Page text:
Information and communication productions – such as brochures, booklets, or pamphlets – help establish a Chapter within a desired community and create mechanisms for lasting recognition. When done right, these tools help brand both the Internet Society and Chapters in the minds of those who are unfamiliar with the organization, and they help establish Chapters as experts and reliable and trusted sources. Some real-life examples:
- The Internet Society Australia Chapter, which, over the years, has cultivated a reputation in Australia as a credible and trusted resource for expertise, knowledge, and authority, finalized a ‘broadband handbook’ for the Australian telecommunications consumer peak body ACCAN. The booklet explains what the National Broadband Network will be and what it will provide and it speaks to many of the issues the NBN is likely to raise.
- The Internet Society Argentina Chapter combined training with an information product when it created (with the help of the Internet Society's Community Grants Programme) a handbook to be used as a training tool by IT professionals and service provider staff that have not yet experienced IPv6. The handbook helps teach them to configure IPv6 in different environments through detailed instructions and experiments.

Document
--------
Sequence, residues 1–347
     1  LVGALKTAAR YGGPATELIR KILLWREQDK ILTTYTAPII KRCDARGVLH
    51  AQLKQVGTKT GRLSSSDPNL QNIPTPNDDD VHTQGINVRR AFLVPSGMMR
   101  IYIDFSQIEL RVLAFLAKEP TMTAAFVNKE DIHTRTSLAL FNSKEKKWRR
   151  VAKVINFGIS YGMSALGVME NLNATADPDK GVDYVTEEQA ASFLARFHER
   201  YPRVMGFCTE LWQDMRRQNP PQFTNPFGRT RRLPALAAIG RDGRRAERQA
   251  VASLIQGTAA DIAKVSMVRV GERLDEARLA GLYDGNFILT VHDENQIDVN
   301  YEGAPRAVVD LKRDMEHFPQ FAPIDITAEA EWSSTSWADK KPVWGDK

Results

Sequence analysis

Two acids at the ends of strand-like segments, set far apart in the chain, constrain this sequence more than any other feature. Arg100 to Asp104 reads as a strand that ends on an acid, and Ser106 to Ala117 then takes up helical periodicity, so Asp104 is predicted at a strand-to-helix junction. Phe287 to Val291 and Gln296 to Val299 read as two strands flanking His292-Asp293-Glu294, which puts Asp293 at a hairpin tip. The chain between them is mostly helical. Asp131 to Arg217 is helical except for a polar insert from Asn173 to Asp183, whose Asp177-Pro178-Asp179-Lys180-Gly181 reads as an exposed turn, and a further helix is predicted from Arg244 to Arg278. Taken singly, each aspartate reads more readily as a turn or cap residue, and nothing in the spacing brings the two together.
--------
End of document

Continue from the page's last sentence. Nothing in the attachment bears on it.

- The Internet Society Italy Chapter created an Italian-language booklet to help raise awareness in the local community of the legal issues around Internet governance.
Build on small success
Again, don’t forget to start small and work your way up to larger projects and activities. A simple pamphlet could lead to a small meeting, which could lead to a larger meeting. Similarly, a small meeting could inspire a Chapter to create a pamphlet that outlines pertinent issues, which could then attract sponsorships to help your Chapter take on slightly larger or more diverse projects.
It is more important to stay flexible and responsive to the issues and challenges relevant to your community than to become a large organization concerned with internal management. Small events and small projects can help energize your Chapter’s members; and small successes will keep everyone interested and involved. Plan ahead.